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As Common App Announces Fixes, Admissions Offices Preach Calm

The Common Application announced on Thursday that it had fixed two of the major technical glitches that college applicants encountered this week.

One fix pertained to delays in receiving payment confirmations. “If you have been charged more than once for a single application fee,” a message from the Common Application said, “we have this information from our payment vendor, and we are in the process of issuing refunds.”

Another fix apparently resolved problems some users ran into when using a Chrome browser. The Common Application, the nonprofit organization that runs the online application of the same name, said it was still working to solve other problems, which initially cropped up over the summer.

The announcement calmed everyone down, right? Well, not quite.

Most news articles about college admissions contain one or more of the following key words: anxiety, stress, panic, frenzy. This week each of those terms got a workout as a slew of reporters wrote articles (like this one, by me) about the Common Application’s continuing technical problems, which have prevented some students from sending applications, college counselors from submitting transcripts and recommendations, and admissions officers from receiving all of the above.

As the week rolled on, though, I’ve heard from many people at high schools and colleges who want students to relax, breathe, and, in the case of one student in Connecticut, just stop crying.

As Jeannine C. Lalonde, senior assistant dean of admissions at the University of Virginia, tweeted on Wednesday, “Admissions folks are pretty understanding around deadline time.” As an example, she cited the aftermath of Hurricane Sandy, when many colleges gave students affected by the storm more time to submit their applications.

Throughout the land, admissions offices are telling students that this, too, shall pass. “We want to assure students that these technical difficulties will in no way affect our comprehensive review of applications,” said a message on the Web page of Boston College’s admissions office. “If we need to extend our deadline, we would adjust our timetable for evaluating applications, and we would communicate decisions in a timely manner. Your application will receive the thoughtful consideration it deserves.”

That’s what colleges are supposed to say, of course. Admissions has a public-relations dimension, and sometimes that means reassuring the public that your process is sound. Even if you are, in fact, deeply frustrated by continuing technical problems, a description that fits many of the admissions officers I interviewed this week.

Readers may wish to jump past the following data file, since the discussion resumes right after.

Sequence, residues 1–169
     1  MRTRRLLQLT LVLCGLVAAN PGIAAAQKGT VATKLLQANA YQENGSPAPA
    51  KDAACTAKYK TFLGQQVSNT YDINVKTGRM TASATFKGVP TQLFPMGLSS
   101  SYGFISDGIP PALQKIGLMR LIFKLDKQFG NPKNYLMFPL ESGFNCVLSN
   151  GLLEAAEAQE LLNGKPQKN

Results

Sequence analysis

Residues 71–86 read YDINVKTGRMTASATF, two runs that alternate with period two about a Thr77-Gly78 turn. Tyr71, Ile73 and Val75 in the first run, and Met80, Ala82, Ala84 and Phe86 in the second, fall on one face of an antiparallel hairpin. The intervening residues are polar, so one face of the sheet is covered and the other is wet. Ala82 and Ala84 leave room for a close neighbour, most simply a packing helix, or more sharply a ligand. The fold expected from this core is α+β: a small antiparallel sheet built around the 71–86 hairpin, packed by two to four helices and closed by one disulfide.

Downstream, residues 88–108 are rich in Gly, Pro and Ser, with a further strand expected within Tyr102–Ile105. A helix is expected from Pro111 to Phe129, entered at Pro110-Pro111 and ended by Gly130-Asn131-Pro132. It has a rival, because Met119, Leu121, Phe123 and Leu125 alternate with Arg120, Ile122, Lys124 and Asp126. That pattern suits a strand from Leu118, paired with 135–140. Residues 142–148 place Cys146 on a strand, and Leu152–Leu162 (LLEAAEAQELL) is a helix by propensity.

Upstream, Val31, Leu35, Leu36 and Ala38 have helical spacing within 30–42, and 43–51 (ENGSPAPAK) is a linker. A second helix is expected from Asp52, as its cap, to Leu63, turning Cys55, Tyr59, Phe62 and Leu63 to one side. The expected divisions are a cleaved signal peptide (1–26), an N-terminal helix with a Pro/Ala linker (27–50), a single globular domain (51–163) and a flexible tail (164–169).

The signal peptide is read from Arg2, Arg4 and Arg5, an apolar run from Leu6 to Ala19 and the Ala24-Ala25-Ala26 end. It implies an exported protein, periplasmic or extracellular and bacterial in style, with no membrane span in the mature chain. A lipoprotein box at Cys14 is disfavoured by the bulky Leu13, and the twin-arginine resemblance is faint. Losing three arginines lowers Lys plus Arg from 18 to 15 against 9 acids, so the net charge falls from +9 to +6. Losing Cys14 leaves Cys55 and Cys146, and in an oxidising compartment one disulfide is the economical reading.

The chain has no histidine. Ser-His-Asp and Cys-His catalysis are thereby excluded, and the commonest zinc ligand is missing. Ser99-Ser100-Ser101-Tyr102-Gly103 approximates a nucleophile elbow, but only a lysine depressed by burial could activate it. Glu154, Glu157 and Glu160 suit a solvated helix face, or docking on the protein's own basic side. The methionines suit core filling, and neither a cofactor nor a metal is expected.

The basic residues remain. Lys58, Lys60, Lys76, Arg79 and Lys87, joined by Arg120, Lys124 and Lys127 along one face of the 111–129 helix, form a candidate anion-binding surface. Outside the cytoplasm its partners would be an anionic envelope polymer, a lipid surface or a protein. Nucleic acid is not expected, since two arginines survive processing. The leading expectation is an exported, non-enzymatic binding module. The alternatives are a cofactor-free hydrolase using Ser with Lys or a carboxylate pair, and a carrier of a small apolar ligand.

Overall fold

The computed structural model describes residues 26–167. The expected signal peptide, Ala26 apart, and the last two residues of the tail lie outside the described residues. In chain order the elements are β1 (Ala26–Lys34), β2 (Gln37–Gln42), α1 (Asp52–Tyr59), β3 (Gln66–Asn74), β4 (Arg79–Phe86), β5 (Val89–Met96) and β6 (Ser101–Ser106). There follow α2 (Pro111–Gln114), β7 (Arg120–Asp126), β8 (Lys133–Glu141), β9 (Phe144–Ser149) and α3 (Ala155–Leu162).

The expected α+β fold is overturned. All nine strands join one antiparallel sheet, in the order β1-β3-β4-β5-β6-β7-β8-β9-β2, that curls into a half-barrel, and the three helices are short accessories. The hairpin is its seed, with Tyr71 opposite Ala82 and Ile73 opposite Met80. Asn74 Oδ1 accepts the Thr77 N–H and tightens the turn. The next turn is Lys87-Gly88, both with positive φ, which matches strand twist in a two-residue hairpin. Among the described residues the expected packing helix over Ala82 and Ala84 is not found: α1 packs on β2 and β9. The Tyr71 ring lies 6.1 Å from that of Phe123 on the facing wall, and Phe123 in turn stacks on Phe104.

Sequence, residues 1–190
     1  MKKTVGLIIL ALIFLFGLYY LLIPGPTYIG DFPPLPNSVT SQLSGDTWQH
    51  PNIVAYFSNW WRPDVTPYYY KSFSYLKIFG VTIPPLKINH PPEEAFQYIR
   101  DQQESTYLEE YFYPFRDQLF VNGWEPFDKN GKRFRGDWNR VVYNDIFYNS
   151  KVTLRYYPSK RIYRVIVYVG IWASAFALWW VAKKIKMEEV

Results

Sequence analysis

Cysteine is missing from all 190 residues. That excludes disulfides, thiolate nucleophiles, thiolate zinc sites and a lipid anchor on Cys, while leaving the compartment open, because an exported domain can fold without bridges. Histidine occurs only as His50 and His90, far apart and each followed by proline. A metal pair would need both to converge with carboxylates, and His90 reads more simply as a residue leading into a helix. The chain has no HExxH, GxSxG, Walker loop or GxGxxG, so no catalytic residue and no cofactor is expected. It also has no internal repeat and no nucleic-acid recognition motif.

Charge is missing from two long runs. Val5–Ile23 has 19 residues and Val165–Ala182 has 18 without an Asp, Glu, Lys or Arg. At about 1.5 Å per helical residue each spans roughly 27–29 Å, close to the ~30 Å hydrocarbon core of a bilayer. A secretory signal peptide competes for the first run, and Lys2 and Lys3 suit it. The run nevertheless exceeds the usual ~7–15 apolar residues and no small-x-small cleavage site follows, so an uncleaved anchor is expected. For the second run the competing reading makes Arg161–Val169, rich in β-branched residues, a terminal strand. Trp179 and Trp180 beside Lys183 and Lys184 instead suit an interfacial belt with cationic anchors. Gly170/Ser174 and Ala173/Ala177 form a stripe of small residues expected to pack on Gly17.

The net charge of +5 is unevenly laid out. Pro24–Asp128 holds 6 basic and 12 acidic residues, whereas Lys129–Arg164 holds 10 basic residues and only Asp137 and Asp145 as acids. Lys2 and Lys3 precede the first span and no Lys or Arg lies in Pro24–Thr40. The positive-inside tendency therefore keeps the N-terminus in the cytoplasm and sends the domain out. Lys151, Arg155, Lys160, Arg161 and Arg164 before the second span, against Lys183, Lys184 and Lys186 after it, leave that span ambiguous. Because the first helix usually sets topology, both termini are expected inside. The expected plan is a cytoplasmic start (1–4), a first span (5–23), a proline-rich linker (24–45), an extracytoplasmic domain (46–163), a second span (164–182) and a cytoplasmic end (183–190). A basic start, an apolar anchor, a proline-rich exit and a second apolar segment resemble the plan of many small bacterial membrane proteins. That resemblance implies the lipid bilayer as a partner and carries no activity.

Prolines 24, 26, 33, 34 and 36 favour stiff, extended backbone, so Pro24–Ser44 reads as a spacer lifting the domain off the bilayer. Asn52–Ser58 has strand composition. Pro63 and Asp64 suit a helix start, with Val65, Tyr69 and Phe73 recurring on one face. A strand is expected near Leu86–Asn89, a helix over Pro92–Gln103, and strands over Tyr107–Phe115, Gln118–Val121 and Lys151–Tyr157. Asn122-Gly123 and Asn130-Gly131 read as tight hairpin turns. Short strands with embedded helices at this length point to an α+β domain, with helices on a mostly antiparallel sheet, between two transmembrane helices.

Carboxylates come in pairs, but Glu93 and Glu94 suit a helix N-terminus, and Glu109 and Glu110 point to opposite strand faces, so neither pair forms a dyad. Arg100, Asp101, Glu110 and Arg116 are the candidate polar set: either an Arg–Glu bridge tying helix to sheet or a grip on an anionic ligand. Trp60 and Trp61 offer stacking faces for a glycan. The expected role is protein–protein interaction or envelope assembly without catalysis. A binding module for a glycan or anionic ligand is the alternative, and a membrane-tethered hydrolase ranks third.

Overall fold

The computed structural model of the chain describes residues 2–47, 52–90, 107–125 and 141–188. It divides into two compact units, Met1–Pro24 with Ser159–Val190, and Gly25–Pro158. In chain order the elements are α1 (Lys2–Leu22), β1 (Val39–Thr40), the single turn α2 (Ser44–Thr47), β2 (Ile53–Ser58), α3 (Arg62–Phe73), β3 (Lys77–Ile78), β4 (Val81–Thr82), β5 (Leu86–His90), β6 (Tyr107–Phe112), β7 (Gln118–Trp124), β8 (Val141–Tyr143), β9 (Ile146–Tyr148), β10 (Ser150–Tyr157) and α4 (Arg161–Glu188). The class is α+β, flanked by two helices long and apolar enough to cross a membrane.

Still, nobody’s calling this the end of the world, at least not yet. Instead, colleges are adjusting their plans on the fly.

Several institutions have pushed back application deadlines. The University of North Carolina at Chapel Hill and the Georgia Institute of Technology, for instance, extended their early-action deadlines—originally October 15—to October 21. Columbia and Northwestern Universities extended their November 1 early-decision deadlines by a week, and the University of Chicago did the same for its early-action deadline.

Several colleges are allowing students to e-mail copies of essays if they have experienced formatting problems on the Common Application (just to make things interesting, some colleges want students to send the essays as attachments, but others want the essays cut-and-pasted into messages). Duke University, Beloit College, and several other institutions have told counselors they could mail paper copies of applicants’ transcripts and recommendations instead of uploading them.

Karin W. Mormando, director of admissions at Temple University, said her staff had been staying late to help process—by hand—the 50 or so applications that arrive each day.

At Temple, as at many colleges, the Common Application hasn’t been automatically uploading all applications into the admissions office’s information system. So Ms. Mormando’s colleagues have gone back to the 20th century: Each day, they print out the applications. Then, she said, “we do old-school data entry,” so that everything gets into the system.

The task is time consuming, and her office is a day and a half behind schedule. “What this has forced us to do is be very flexible, so we’re able to process apps and respond to students in a timely way, Ms. Mormando said. “For us, it’s just about keeping parents and students calm.”

Next week Temple plans to announce whether it will push back its November 1 early-action deadline. Ms. Mormando has wondered whether a lot of applicants at the beginning of the month might cause the Common Application to crash, as it did earlier this week. Either way, she said, “we’ll just make it work.”

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